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New York Theater

Ecstasy and the Ice Queen

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Ecstasy and the Ice Queen

Justine Moore, the writer and performer of this 80-minute solo piece, had a horrific adolescence that she survived to talk about — vividly. With an admirable ear and tongue for different voices and a supple body capable of forming discernible stances, she re-creates 11 characters (three of them male), including her 16-year-old self and her 38-year-old current incarnation. Unfortunately, as good as much of the evening is, the singularity of her experience can sometimes make it difficult for audience empathy, and the hopeful coda to her piece feels unearned.

Moore's autobiographical narrative focuses on one 24-hour period in her hometown of Taos, N.M., in 1986. Justine, the neglected daughter of hippies, is insecure about everything, close to suicidal, and more than experimenting with drugs. Her high school nickname is the Ice Queen, and her latest drug of choice is the newly available pharmaceutical-grade Ecstasy, at first wrongly thought to be relatively harmless. Justine doesn't even trust her more upbeat best friend, Crystal, who is also the Anglo daughter of hippies. That tribe comprises 10 percent of the population of Taos, mightily resented by the local Spaniards, who trace their ancestry back to the land grant days of the 1500s, and the American Indians, who have been on the land even longer than that.

Justine has been serially raped by teenage boys from these other two groups and is about to be again by the psychopathic villain Victor, at a "rager," a freewheeling house party minus chaperones that is the only social function regularly attended by all three local ethnicities. At various times in her reminiscences, if that's the word, the present-day Moore steps out of her characters to comment as herself on a broader social problem, such as teenaged suicides. In one aside she gives us a chilling vision of the vile Victor later in life. We would have welcomed such updates on Crystal and Alex, the Latino object of the younger Justine's desire.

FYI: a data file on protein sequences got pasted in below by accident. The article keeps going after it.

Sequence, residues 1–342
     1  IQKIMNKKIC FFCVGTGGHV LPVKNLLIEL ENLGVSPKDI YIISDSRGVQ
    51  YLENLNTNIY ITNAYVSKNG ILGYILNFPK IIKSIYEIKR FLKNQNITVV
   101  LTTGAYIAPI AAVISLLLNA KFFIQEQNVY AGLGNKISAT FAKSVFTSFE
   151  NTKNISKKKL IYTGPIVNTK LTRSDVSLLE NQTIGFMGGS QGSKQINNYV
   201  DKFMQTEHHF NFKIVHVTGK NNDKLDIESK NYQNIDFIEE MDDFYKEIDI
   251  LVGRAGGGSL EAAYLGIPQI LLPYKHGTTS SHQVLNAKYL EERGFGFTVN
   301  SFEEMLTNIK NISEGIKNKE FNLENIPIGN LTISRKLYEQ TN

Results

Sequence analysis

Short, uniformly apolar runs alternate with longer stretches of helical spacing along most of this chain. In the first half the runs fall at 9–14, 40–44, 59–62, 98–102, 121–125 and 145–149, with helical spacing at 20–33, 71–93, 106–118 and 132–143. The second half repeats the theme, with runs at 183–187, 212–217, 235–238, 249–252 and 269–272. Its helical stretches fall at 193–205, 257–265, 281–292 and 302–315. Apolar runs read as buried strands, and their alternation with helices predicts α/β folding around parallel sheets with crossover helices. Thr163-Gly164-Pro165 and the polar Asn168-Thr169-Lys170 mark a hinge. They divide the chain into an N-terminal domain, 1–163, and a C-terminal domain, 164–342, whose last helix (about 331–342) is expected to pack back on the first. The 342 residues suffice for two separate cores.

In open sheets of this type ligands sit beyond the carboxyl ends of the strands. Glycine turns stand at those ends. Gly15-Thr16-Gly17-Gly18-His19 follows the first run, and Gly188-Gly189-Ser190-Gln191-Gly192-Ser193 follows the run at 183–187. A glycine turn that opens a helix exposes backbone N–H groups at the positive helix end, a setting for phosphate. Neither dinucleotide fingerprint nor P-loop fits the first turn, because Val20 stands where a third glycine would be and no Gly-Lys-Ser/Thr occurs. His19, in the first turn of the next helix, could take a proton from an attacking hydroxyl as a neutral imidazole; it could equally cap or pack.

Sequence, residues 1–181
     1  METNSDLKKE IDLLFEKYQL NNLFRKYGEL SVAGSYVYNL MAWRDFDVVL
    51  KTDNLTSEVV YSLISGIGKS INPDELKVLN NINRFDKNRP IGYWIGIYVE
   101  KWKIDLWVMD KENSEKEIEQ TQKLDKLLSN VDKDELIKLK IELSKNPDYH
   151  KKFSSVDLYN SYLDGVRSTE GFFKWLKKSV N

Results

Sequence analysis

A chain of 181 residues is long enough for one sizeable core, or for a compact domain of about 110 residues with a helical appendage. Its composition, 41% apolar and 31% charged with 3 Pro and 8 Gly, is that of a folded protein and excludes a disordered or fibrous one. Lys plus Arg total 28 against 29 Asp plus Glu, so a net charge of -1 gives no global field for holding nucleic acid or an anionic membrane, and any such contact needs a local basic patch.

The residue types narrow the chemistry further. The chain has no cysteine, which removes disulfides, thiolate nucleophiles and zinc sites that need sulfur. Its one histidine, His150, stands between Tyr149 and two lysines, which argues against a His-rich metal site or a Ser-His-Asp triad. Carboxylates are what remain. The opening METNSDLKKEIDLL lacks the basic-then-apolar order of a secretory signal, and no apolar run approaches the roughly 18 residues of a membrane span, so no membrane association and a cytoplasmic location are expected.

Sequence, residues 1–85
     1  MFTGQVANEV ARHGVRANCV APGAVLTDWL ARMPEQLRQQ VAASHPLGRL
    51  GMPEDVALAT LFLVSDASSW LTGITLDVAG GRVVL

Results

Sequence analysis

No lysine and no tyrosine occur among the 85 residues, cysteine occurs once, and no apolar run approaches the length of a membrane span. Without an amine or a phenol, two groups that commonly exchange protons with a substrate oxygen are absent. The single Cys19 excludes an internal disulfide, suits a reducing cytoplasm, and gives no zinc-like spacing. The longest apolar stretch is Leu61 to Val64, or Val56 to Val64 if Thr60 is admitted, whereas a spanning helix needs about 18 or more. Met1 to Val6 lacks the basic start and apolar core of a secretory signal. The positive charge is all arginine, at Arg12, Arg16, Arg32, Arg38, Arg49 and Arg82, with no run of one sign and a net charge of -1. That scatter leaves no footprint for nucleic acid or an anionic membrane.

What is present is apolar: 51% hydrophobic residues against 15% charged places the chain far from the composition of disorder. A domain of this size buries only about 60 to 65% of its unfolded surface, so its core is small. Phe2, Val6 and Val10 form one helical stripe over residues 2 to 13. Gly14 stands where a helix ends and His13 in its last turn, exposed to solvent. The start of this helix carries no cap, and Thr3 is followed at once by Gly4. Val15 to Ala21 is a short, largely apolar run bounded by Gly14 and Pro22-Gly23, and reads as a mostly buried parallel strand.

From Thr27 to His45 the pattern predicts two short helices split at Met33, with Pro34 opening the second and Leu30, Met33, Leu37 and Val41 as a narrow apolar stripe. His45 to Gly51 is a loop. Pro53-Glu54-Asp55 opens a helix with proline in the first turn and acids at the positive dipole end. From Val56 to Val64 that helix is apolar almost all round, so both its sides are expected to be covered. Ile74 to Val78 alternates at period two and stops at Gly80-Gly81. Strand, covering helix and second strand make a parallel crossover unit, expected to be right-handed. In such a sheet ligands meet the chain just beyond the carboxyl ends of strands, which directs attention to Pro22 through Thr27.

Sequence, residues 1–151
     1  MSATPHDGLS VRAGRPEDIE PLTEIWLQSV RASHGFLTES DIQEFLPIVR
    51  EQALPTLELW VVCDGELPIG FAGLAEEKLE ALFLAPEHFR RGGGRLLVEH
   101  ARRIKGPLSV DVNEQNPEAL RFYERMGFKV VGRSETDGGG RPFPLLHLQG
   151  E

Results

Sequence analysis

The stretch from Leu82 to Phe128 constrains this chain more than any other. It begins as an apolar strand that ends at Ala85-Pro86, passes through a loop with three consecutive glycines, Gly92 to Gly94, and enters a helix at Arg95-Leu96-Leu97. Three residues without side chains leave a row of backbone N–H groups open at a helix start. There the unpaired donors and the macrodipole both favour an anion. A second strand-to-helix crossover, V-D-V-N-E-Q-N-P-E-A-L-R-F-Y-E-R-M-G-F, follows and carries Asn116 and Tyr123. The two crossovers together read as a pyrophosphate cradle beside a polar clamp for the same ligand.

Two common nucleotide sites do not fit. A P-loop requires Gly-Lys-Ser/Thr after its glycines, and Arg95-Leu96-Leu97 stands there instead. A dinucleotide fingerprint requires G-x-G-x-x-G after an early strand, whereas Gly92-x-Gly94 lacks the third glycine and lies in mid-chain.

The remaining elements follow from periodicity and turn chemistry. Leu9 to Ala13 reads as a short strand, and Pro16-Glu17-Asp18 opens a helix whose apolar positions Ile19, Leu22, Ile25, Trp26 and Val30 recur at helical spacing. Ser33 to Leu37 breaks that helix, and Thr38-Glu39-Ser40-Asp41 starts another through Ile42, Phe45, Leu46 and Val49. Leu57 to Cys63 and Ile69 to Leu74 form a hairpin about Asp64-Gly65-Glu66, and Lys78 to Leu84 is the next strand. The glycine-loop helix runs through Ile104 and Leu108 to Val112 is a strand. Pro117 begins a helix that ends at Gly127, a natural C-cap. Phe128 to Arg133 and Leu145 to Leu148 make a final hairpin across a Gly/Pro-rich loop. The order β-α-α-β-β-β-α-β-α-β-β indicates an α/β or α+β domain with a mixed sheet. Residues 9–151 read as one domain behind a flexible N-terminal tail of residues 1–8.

As director Frederick Johntz is also awarded a "developed by" credit, it's especially hard to figure out where the author-actor leaves off and Johntz takes over. But while he obviously encouraged Moore's consistent physical and vocal separation of characters, he clearly stayed out of the way of her central vision.

Presented by and at La Mama E.T.C.,

74A E. Fourth St., NYC.

Oct. 24-Nov. 2. Fri. and Sat., 10 p.m.; Sun., 5:30 p.m.

(212) 352-3101 or (866) 811-4111 or www.theatermania.com or www.lamama.org.

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